We know that they were not given as many details as the observers prior to the study, but there was nothing stopping them from asking about the purpose of it all—even despite receiving minimal answers—as opposed to asking whether the shocks will permanently damage the victims (Milgram, 146). People generally do not want to be responsible for physical and even mental harm inflicted on others; it may not necessarily be the case that they themselves genuinely do not wish to harm people, so they might claim that the recipients no longer wish to endure the pain (Milgram, 146). This all suggests to me that there are hints of amorality present in some individuals, and that people do not consider the bigger picture beyond the situation.

The idea of evaluating one’s obedience can also be found in Hinton’s study of Cambodian virtues. Obedience here, however, is influenced by preexisting cultural modes that have been adapted by the new Communist Party to genocidal attributes of inequality, extreme and irrational violence, and the motivation to kill (Hinton, 166). This motivation stems from the desire to maintain honour and a positive image in front of both superiors and intimate peers (Hinton, 159). 

I am able to sympathise with this situation more than with the others, because the issue is clearly shown to be far more complex in terms of the dilemmas Cambodians face. They struggle to choose between remaining loyal to the Party for the sake of productivity and a better quality of life, and achieving these things for their families. On top of that, everyone is potentially considered an enemy in this society, so an individual will either end up getting executed by the Party for disobedience, or their peers will kill them for not expressing love for the Party and deviating from the norm (Hinton, 162).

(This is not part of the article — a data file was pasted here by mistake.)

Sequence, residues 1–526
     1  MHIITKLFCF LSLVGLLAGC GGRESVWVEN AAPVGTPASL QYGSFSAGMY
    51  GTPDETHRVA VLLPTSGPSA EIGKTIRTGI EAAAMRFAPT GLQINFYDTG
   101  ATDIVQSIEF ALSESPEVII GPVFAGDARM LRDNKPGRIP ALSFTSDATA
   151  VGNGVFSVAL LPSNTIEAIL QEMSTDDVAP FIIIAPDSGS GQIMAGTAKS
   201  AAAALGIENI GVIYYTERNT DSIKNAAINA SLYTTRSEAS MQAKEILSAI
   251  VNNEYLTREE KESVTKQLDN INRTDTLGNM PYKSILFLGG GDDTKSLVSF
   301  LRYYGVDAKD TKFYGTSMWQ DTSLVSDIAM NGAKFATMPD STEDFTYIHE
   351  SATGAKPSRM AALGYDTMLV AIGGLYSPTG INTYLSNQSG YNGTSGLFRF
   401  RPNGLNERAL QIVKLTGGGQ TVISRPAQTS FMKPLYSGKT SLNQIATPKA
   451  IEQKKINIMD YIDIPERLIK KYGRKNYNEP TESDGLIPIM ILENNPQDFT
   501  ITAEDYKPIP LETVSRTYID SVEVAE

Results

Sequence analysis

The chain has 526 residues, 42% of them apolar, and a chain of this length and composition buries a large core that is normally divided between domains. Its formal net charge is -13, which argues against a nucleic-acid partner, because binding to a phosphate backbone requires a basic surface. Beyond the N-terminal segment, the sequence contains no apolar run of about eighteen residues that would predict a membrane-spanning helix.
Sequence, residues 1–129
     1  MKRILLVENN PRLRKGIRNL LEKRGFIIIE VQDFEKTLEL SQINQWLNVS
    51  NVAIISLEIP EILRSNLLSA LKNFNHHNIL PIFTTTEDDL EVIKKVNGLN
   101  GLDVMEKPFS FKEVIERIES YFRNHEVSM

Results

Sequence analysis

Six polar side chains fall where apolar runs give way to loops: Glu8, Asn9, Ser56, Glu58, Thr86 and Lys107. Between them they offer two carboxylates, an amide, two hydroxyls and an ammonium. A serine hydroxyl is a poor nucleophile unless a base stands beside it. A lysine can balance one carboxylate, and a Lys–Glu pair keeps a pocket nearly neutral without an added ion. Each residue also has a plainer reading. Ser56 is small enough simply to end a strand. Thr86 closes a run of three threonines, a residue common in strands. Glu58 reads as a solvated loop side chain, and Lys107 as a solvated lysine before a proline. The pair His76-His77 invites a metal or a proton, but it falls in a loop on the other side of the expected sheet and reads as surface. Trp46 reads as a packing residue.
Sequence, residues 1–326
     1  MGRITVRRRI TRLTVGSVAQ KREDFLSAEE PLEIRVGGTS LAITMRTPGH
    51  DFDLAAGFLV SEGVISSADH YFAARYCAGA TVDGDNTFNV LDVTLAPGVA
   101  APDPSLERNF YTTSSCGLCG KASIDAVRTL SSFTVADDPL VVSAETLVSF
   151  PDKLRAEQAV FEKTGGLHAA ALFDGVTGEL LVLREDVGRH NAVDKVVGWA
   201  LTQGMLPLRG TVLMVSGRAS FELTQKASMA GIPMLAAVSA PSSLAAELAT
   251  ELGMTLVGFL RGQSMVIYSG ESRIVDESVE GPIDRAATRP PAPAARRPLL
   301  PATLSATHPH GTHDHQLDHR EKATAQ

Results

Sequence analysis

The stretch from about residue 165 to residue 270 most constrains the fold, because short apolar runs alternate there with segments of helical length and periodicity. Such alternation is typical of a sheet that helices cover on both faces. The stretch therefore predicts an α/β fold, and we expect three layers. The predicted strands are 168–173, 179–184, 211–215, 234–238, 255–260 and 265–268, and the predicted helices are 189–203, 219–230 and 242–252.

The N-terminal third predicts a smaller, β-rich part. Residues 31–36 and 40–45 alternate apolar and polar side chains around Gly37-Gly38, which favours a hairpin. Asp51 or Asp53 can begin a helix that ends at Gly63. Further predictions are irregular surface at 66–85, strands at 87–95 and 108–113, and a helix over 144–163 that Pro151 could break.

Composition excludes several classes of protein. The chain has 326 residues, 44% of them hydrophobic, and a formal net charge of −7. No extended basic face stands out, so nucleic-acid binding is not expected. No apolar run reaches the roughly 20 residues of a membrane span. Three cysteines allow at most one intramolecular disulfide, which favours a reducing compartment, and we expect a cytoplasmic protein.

It is practically a no-win situation, and it is easier to understand why Cambodians would struggle to make decisions on the basis of their priorities in any given context. They would likely resort to doing things in solitude that would otherwise be considered betrayal in order to at least try and protect their assets as well as their relationships to intimate peers, the latter particularly being something that is potentially comparable to modern normalisation theories having to do with appealing to higher authority. Such theories typically depict higher authority as familial ties—or even corporate or political superiors—that offenders are willing to commit risky actions for in order to keep their trust.

When we are able to draw connections between contexts and theory, it becomes much easier to validate the plausibility of a study. It is important for a researcher to not leave blanks that may adequately explain the seemingly inexplicable, especially where morality is concerned, although there may come a time when they have to extract other sources to make sense of a matter (as neutrally as possible, so as not to convey a misleading impression). 


Hinton, A. (1998). Why Do You Kill? The Cambodian Genocide and the Dark Side of Face and Honor. In N. Scheper-Hughes & P. Bourgois (Eds.), Violence in War and Peace: An Anthology (1st ed., Vol. 78, pp. 123-7). Blackwell Publishing.

Milgram, S. (1963). Behavioral Study of Obedience. In N. Scheper-Hughes & P. Bourgois (Eds.), Violence in War and Peace: An Anthology (1st ed., Vol. 78, pp. 129-135). Blackwell Publishing.

Rosaldo, R. (2004). Grief and a Headhunter’s Rage. In N. Scheper-Hughes & P. Bourgois (Eds.), Violence in War and Peace: An Anthology (1st ed., Vol. 78, pp. 136-142). Blackwell Publishing.

Now Reading
Why People Kill
Read Next
Dexter Is a Moral Man